Candied Citrus Peel

If I were to hand you an orange, what would you do, assuming that you like oranges?  You'd first peel the orange, toss the peel then eat the juicy insides.  Candied orange peels have you do the opposite:   eat the peel and toss the insides.

Scroll down and read the instructions ... you will notice that I leave the pith attached.  "Wait!" you say, horrified!  "Won't that make for a bitter candy?"   In a word, no.  All that blanching removes any trace of bitterness.   Leaving the pith on allows the candy to be a little thicker and plumper.  Plus you save oodles of time not having to scrape off pith that stubbornly adheres to the peel, even when using a veggie peeler to lightly shave the fruit, which I don't use here anyway because I usually wind up shaving off some of my skin in the process.  A sharp knife, used properly, makes straighter cuts and  gives you more professional-looking results as a bonus.

If you are worried about possible dyes present in the peels, look for organic citrus fruit.

A few years back I noticed that other candied peel recipes popping up suddenly included corn syrup as an ingredient.  Upon further internet surfing investigation, I found two main explanations (not including "because that's the way my mother did it").  The first was that the introduction of corn syrup to the sugar solution helps prevent the sugar from crystallizing.   This didn't really impress me because in all the years I have been making candies I haven't had an issue with crystallization (except the time I tried to make rock sugar; it refused to have anything to do with crystallization so all I had after several weeks was icky-sticky sugar water).  But the second reason (from David Lebowitz, in case you wee wondering) was more interesting -- candied peel made with corn syrup is moister.  Any confection tip suggested by David is gospel in my book.

Ya  know, he was right!  These peels are even more appealing!  So after further recipe tweakification, I now give you the even more perfect peel!

Candied Citrus Peel
Yield: approx. 2 1/2 to 3 cups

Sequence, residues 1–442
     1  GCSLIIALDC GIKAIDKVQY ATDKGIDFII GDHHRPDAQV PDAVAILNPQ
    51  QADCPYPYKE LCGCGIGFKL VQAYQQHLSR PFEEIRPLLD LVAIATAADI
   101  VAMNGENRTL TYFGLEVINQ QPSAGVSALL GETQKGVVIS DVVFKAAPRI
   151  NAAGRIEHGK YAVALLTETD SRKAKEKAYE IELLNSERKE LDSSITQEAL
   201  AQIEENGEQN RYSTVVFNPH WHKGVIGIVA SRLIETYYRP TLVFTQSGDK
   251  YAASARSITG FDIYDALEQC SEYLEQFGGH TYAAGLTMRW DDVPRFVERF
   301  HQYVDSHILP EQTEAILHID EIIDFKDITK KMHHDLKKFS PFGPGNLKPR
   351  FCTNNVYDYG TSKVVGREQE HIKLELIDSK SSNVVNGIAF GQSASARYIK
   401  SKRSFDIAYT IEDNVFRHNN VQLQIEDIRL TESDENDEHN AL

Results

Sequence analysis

4 oranges and/or grapefruits, as blemish-free as possible
11 cups water, divided
2 1/2 cups granulated sugar (or more if necessary), divided
1/4 cup light corn syrup

Remove peel from citrus fruit:  Cut off tops and bottoms from each fruit just down to the flesh and discard.  Using a sharp knife, score peel 6-10 lines top to bottom, almost to the flesh.  Run thumb under peel to gently loosen and separate peel segments (along with any pith that remains attached to it) from flesh.  Reserve fruit for use at another time.  Use sharp knife to cut each peel segment into thin strips.  Set aside.

In a 2-quart saucepan, heat 3 cups of water until boiling over high heat.  Add peel strips.  Return to boil, then reduce heat; simmer for 10 minutes.  Drain, then repeat 2 more times with fresh water each time.  Set cooked peel aside.

Combine remaining 2 cups water with 1 1/2 cups of sugar and all of corn syrup in same saucepan.  Heat to boiling over high heat, stirring until sugar is completely dissolved.  Meanwhile, set a cooling rack over a rimmed cookie sheet as set aside.

Stir in cooked peel.  Reduce heat; simmer for 30 minutes.  Drain; reserve syrup for use another time.  Arrange peel in a single layer on prepared cooling rack.  Let peel dry 12-24 hours, or until peel has dried but still tacky to the touch.

Pour half of remaining sugar into a gallon-size freezer bag.  Add peel; pour in remaining sugar.  Close bag securely and gently turn over a few times until peel is completely coated with sugar (hint: some sugar should line the bottom of the bag.  If not, add more sugar, a quarter-cup at a time, and continue to turn bag over a few times; repeat until peel is completely coated).

Store, along with the excess sugar, in a tightly sealed freezer bag or any air-tight container at room temperature for up to a month.  Optionally package peel in treat bags or boxes for gift-giving.


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